I'm focusing on a content management application where the data being saved around the database is very generic. During this instance a container has numerous assets and individuals assets map with a type of digital resource, whether that be considered a picture, a film, an submitted file as well as plain text.
I've been quarrelling having a friend for any week now because additionally to storing the images, etc - they wish to keep text assets around the file system and also have the application lookup the file location(in the database) and browse within the text file(in the file system) before serving towards the client application.
Good sense appeared to scream at me this was absurd and when we're disturbing to find information about something in the database, we may as well keep text inside a database column and also have it offered along track of the row research. Database research + File IO appeared sounds uncontrollably reduced then just Database Research. After returning and forth for a while, I made the decision to operate some benchmarks and located the outcomes just a little surprising. There appears to be really little consistency if this involves benchmark occasions. The only real obvious champion within the benchmarks was tugging a sizable dataset in the database and iterating within the leads to display the written text resource, however tugging objects individually in the database and exhibiting their text content appears to become neck and neck.
Now we all know the restrictions of running benchmarks, and I don't know I'm even running the right concept of "tests" (for instance, File system creates are absurdly faster then database creates, did not realize that!). I suppose my real question is for confirmation. Is File I/O similar to database text storage/research? Shall We Be Held missing an element of the argument here? Thanks in advance for the opinions/advice!
A fast work by what I'm using: This can be a Ruby on Rails application, using Ruby 1.8.6 and Sqlite3. I plan on moving exactly the same codebase to MySQL tomorrow if the benchmarks are exactly the same.
I believe your benchmark results will rely on the way you keep text data inside your database. Should you store it as being LOB then behind the curtain it's saved within an regular file. With any type of LOB you have to pay the Database research + File IO anyway.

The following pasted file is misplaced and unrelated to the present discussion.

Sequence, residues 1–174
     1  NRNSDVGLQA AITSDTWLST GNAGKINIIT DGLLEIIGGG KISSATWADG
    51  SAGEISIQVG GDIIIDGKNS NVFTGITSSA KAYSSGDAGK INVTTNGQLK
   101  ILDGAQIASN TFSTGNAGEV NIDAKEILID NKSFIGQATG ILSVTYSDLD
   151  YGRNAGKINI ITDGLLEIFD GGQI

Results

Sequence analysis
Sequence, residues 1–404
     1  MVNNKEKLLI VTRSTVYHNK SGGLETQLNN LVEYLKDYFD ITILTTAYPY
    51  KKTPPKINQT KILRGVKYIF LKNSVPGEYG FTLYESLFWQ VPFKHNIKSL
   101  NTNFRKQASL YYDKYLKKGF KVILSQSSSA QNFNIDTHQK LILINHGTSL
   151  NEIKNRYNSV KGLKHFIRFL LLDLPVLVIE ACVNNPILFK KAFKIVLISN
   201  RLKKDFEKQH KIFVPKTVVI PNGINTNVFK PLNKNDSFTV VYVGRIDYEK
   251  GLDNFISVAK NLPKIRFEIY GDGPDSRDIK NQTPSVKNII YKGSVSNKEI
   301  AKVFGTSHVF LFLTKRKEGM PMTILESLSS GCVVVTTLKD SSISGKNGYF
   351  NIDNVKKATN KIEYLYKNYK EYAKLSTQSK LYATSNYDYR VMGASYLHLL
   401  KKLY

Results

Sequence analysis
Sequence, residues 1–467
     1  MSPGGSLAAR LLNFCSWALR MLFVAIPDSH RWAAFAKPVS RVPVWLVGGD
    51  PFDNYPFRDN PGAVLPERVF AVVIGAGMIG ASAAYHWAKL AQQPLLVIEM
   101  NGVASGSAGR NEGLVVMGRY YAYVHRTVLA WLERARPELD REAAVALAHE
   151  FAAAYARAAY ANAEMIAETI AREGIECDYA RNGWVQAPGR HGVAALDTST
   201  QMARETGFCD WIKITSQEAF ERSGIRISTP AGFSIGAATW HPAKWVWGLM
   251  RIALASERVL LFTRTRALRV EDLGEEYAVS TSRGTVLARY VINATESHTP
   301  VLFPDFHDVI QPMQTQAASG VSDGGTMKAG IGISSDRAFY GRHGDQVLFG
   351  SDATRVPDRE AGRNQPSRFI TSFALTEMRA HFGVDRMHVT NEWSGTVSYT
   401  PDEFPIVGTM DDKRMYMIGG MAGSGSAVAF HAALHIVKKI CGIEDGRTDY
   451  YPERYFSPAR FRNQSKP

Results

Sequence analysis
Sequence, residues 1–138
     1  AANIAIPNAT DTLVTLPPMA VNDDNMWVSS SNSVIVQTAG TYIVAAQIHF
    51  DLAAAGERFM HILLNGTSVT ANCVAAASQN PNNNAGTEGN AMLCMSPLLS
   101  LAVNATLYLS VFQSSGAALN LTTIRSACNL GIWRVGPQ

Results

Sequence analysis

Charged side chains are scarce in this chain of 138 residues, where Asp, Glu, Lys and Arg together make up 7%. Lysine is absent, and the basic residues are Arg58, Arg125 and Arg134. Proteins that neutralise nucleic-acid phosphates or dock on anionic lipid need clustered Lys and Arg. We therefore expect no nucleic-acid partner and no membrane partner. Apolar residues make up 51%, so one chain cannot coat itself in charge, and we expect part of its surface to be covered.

VARCHAR is saved within the tablespace
Regular text data types (VARCHAR et al) are extremely limited in dimensions in typical relational database systems. Something similar to 2000 or 4000 (Oracle) sometimes 8000 as well as 65536 figures. Some databases support lengthy text but these have serious drawbacks and are not recommended.
LOBs are references to file for system objects
In case your text is bigger make use of a LOB data type (e.g. CLOB in Oracle).
LOBs usually work such as this: The database stores merely a mention of the personal files system object. The file system object consists of the information (e.g. the written text data). This is much like what your friend proposes except the DBMS lifts the heavy work of controlling references and files.
The end result is: If you're able to store your text inside a VARCHAR go for this. If you cannot you've two options: Make use of a LOB or keep data inside a file recommended in the database. Both of them are technically similar and reduced than using VARCHAR.
The main advantage you will get from not while using filesystem would be that the database will manage concurrent access correctly. Let us say 2 processes have to customize the same text as the same time frame, synchronisation using the filesystem can lead to race conditions, whereas you'll have not a problem whatsoever with everyhing in database.
Used to do this before. Its chaos, you have to keep your filesystem and also the database synchronized constantly, to ensure that helps make the programming more difficult, while you would guess. Make an effort to either choose an exciting filesystem solution, or all database solution, with respect to the data. Particularly, should you require plenty of searches, conditional data retrieval, go for database, otherwise fs. Observe that database might not be enhanced for storage of huge binary files. Still, remember, if you are using both, youre gonna have to ensure that they're synchronized, also it does not alllow for a stylish nor enjoyble (to program) solution. Best of luck!
A minimum of, in case your problems range from "performance side", you could utilize a "no SQL" storage solution like Redis (via Ohm, for instance), or CouchDB...